The Democratic Republic of the Congo, or DRC, is facing its 10th Ebola outbreak just 1 week after declaring the end of the last, and according to officials, this outbreak may be more complicated than the previous one.
The outbreak was announced on Aug. 1, when the Ministry of Health informed WHO that of six samples sent to the Institut National de Recherche Biomédicale in Kinshasa following a cluster of illnesses, four tested positive for Ebola virus.
“We cannot rule out that this is connected [to the previous outbreak],” Peter Salama, MBBS, MPH, WHO deputy director-general for emergency preparedness and response, said at a press conference. “There is no evidence to suggest there is a concrete link — it’s a distance of 2,500 kilometers away. But we know that the vectors and the animal reservoirs, in this case fruit bats, can travel far distances.”
Although not all sicknesses and deaths have been confirmed as Ebola cases, officials say 20 people have died, including one health care worker, and noted that two other health care workers are infected.
They anticipate the number of cases to rise in the coming days.
Most cases are centered in the Mangina health area, roughly 30 kilometers from the city of Beni. Officials say 10 locations are affected, many near forests and borders, Uganda’s border being only 50 kilometers away from one infected area, which is the same concern faced during the previous outbreak.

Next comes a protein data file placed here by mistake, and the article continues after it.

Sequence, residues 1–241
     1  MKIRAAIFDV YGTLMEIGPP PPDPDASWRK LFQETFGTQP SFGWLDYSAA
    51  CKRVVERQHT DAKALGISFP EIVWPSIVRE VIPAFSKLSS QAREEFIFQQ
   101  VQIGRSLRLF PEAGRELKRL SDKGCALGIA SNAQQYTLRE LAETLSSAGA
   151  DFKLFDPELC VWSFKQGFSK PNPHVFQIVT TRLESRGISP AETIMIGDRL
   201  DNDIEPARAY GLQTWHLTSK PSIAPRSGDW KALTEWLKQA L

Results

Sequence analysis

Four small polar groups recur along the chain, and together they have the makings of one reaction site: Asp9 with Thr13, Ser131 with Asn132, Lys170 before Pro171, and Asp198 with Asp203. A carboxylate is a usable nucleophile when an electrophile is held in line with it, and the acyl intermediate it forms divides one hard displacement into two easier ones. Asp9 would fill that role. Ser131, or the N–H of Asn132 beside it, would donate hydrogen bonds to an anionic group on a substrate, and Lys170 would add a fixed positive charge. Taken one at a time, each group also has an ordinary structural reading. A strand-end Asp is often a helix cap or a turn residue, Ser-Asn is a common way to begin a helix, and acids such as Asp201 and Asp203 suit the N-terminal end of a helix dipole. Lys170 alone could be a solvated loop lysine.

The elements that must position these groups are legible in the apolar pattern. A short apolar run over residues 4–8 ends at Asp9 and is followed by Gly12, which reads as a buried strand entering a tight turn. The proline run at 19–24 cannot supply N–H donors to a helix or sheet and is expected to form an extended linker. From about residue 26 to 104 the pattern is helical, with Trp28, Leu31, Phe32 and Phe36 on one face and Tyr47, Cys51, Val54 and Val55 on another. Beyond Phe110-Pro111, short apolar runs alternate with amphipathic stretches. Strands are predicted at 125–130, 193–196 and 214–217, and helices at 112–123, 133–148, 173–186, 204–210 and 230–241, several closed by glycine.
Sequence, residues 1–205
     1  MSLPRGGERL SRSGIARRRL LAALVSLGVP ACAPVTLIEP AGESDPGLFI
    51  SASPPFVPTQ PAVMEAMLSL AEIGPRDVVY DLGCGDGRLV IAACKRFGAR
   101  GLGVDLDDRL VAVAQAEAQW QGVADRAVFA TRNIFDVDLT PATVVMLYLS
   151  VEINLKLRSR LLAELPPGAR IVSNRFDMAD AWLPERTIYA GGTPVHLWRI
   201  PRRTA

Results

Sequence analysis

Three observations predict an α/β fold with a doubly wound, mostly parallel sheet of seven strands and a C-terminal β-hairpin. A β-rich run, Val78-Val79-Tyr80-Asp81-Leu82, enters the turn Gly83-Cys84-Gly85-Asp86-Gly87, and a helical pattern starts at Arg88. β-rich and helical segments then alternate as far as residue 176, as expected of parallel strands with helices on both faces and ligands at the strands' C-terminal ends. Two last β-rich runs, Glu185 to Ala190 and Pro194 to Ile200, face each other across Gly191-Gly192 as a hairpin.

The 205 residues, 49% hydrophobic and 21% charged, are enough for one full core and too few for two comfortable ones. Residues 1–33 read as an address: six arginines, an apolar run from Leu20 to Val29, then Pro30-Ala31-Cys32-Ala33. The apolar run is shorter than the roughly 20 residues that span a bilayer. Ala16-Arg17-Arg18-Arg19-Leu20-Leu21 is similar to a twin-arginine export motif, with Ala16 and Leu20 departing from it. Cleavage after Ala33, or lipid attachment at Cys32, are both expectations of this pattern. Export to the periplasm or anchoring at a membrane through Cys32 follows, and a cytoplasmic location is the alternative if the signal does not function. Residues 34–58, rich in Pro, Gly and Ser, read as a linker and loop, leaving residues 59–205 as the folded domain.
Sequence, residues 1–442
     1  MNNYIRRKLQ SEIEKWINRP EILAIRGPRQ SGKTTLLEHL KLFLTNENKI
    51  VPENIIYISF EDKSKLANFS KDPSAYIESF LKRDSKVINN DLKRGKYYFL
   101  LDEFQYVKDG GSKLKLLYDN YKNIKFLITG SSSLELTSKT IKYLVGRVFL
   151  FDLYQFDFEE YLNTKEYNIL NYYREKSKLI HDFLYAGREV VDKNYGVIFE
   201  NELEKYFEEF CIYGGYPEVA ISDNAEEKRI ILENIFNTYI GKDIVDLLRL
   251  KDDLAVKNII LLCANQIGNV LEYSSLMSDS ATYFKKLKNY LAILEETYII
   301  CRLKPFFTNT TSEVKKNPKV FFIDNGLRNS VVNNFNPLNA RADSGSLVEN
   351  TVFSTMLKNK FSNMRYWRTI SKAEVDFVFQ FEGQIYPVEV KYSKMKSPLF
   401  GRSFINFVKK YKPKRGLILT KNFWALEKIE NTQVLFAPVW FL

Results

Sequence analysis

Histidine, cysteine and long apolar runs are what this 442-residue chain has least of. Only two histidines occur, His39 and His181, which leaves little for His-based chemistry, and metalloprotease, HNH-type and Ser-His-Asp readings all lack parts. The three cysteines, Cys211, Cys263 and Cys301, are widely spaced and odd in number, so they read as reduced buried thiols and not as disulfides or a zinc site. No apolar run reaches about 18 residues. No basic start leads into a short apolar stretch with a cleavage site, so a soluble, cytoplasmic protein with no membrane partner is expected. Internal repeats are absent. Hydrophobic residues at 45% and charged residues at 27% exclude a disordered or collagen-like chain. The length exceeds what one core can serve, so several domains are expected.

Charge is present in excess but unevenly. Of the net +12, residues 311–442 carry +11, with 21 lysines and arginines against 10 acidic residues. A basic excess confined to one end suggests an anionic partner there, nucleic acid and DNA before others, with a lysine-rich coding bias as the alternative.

“We have many of the same constraints and complicating factors [as the last outbreak],” Salama said. “One additional factor is the issue of security. Here, we’re responding to an outbreak of a high-threat pathogen with a high mortality rate in the context of a war zone.”
Salama said this brings the outbreak to the “top of the degree of difficulty scale,” and that the threat of rebel groups in the area will add to the complexity of containment operations.
“Although we have access, we don’t know to what extent we will have to rely on armed escorts for broader tracing outside of those small towns,” he said.
Cooperation from rebel groups in the area will be a critical determining factor in how officials can respond to the outbreak, especially in terms of vaccinations.
Officials believe this outbreak is caused by the Zaire strain of the virus, just as the ninth outbreak was.
“There’s good news and bad news with this,” Salama said. “The bad news is [this strain] has the highest fatality rate — 50% and higher. It’s the most deadly strain. The good news is we do have a safe and effective vaccine.”
Officials said 3,300 people were vaccinated during the last outbreak. However, Salama explained that the ring vaccination strategy previously used may not be feasible due to poor access and the size of the affected area.
“It’s a very complex operation,” he said.
Officials have 3,000 doses of Merck’s V920 experimental vaccine on hand and are awaiting confirmation of the Zaire strain.
If the lab results confirm it, Salama says they will be ready. – by Caitlyn Stulpin
Disclosures: Salama reports no relevant financial disclosures.